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Why Are More Women Getting Melanoma?

Why Are More Women Getting Melanoma?

Most people who develop skin cancer receive successful treatment, especially if the disease is caught early on. But one type of skin cancer can be deadly: melanoma. If melanoma isn’t caught in time, it can be fatal. 

Our board-certified dermatologists at Seacoast Dermatology are skin cancer experts. When we check your skin, we look for any sign of cancer. If you have a precancerous spot or cancer, we arrange prompt treatment. Early detection is the key to treatment without complications. 

If you’re a woman, pay particular attention to recent statistics. Women under 50 now have a higher probability of getting melanoma than any other cancer aside from breast or thyroid cancer. 

In this month’s blog post, we explore why that may be the case. Knowing the risk factors for melanoma helps you take preventive steps to protect yourself. 

Fair skin 

Do you have fair skin, blonde or red hair, and blue eyes? If your skin is fair and you tend to burn rather than tan, you’re more at risk than someone with darker skin. 

Sun exposure 

Do you love the sun? If you have a job that requires working in the midday sun, or if you’ve spent hours at the beach or pool over the years, you may be at risk not only for basal cell or squamous cell cancer but also melanoma. Ultraviolet B radiation is a known carcinogen.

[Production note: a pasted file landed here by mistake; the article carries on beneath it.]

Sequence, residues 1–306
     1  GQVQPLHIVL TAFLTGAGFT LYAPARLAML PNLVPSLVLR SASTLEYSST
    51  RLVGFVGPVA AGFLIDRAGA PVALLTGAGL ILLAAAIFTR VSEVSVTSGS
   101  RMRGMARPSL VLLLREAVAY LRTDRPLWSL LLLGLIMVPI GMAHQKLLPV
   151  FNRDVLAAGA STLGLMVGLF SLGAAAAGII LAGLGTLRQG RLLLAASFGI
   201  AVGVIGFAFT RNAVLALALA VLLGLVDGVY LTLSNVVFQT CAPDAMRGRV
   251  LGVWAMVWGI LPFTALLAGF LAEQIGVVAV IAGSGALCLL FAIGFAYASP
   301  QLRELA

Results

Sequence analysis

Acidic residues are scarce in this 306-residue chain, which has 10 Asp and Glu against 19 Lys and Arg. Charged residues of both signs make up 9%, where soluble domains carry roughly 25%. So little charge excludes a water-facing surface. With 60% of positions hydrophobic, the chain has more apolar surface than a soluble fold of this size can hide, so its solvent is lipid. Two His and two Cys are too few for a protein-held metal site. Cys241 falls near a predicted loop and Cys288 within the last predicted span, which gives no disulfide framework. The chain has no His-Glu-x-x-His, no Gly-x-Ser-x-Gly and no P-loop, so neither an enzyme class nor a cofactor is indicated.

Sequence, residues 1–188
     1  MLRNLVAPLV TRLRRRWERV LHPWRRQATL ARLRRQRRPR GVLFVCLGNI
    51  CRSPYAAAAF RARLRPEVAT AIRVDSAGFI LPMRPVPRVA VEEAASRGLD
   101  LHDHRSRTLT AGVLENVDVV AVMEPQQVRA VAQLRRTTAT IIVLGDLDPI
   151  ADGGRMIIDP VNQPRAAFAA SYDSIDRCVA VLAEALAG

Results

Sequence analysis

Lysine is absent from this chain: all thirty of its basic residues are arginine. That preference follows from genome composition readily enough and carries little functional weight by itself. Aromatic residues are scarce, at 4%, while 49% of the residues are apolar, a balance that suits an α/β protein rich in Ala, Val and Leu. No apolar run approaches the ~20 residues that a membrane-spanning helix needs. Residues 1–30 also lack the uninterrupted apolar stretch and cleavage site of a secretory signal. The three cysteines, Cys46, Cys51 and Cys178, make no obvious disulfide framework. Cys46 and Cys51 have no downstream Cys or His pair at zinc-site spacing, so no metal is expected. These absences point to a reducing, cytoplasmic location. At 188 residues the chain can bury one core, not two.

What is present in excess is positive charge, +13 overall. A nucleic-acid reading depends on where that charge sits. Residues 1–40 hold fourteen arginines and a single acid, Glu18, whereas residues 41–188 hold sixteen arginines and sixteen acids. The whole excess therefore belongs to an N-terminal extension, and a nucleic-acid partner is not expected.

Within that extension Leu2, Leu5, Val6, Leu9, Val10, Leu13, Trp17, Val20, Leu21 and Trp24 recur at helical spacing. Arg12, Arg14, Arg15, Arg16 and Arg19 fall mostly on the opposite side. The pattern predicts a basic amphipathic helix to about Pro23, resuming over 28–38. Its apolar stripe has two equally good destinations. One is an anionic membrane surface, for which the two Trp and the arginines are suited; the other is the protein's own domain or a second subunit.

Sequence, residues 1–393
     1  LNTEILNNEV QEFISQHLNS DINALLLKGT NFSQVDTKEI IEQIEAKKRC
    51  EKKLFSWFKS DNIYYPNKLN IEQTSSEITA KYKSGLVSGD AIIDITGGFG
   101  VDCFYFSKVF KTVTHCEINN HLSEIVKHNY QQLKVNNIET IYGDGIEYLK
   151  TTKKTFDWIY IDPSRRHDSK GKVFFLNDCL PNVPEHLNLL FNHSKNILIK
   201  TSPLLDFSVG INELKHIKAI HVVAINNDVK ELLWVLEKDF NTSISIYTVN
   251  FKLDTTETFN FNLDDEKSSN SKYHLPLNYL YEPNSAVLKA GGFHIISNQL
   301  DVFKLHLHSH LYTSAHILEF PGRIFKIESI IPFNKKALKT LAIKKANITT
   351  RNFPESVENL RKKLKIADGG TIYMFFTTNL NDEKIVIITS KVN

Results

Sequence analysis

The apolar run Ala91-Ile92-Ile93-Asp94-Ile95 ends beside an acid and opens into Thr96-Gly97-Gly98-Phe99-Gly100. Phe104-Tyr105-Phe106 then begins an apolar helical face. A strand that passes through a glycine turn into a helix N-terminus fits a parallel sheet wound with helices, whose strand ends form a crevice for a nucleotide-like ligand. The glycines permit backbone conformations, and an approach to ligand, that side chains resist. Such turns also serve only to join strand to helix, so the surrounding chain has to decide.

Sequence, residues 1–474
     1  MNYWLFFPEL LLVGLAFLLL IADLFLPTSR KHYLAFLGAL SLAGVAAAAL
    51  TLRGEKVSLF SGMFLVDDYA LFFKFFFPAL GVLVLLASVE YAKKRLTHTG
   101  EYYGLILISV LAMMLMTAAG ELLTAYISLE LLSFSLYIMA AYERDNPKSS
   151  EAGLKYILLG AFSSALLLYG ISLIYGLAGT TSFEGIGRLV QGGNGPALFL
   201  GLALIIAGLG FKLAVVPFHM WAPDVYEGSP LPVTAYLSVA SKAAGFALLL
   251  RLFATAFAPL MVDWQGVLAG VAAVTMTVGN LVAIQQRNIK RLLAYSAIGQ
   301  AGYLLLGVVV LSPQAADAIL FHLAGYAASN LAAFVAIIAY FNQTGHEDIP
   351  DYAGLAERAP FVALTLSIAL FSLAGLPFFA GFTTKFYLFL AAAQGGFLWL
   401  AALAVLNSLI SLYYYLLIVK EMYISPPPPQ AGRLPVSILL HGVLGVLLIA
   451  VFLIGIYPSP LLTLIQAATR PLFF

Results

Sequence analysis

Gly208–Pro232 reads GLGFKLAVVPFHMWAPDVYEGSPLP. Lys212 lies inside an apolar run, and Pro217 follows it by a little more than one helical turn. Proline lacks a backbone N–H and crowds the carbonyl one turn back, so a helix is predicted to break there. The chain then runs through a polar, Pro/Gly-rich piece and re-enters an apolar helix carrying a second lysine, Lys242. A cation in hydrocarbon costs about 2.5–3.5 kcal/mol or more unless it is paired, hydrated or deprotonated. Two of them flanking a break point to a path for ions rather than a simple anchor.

Researchers now think that UVA radiation may contribute to melanoma as well. Research shows that a majority of melanoma cases are due to radiation from sun exposure

Indoor tanning beds

Researchers say that indoor tanning beds may be causing an increase in melanoma in young women. Melanoma has increased over 6% annually in Caucasian women under 44. In women aged 15-29, melanoma is increasing faster than in males in the same age group.

Moles 

If you have more than your share of moles or have large moles, get regular skin checks. You’re more at risk of melanoma than others with few moles. 

Genetics

Genes play a role in about 10% of melanoma cases. If you have a close family member who’s had melanoma, your risk is two to three times higher than those without a family history of melanoma. 

All of these risk factors for melanoma are good reasons to make and keep your annual skin health checkup. Don’t wait for your annual appointment if you see a change in a mole or a spot on your skin that is rough, itchy, discolored, or doesn’t heal. 


Contact one of our convenient offices in Portsmouth, Dover, or Exeter, New Hampshire, to make an appointment.

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